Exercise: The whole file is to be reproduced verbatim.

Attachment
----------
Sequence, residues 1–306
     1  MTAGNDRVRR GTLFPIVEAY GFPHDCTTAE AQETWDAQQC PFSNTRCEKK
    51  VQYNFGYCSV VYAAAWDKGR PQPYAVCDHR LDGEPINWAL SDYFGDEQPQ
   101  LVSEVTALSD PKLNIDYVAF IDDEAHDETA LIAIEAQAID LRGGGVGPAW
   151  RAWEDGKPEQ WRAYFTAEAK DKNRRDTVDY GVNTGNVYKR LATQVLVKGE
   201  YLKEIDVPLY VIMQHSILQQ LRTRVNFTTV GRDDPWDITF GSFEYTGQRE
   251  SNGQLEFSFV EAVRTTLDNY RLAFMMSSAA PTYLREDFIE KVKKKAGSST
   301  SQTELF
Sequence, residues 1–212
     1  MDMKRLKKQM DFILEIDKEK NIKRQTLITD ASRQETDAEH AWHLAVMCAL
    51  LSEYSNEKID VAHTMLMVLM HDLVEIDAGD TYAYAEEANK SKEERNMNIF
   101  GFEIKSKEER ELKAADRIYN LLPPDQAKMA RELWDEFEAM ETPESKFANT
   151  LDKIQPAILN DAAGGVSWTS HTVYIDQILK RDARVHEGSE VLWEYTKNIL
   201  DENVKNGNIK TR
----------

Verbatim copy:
Sequence, residues 1–306
     1  MTAGNDRVRR GTLFPIVEAY GFPHDCTTAE AQETWDAQQC PFSNTRCEKK
    51  VQYNFGYCSV VYAAAWDKGR PQPYAVCDHR LDGEPINWAL SDYFGDEQPQ
   101  LVSEVTALSD PKLNIDYVAF IDDEAHDETA LIAIEAQAID LRGGGVGPAW
   151  RAWEDGKPEQ WRAYFTAEAK DKNRRDTVDY GVNTGNVYKR LATQVLVKGE
   201  YLKEIDVPLY VIMQHSILQQ LRTRVNFTTV GRDDPWDITF GSFEYTGQRE
   251  SNGQLEFSFV EAVRTTLDNY RLAFMMSSAA PTYLREDFIE KVKKKAGSST
   301  SQTELF
Sequence, residues 1–212
     1  MDMKRLKKQM DFILEIDKEK NIKRQTLITD ASRQETDAEH AWHLAVMCAL
    51  LSEYSNEKID VAHTMLMVLM HDLVEIDAGD TYAYAEEANK SKEERNMNIF
   101  GFEIKSKEER ELKAADRIYN LLPPDQAKMA RELWDEFEAM ETPESKFANT
   151  LDKIQPAILN DAAGGVSWTS HTVYIDQILK RDARVHEGSE VLWEYTKNIL
   201  DENVKNGNIK TR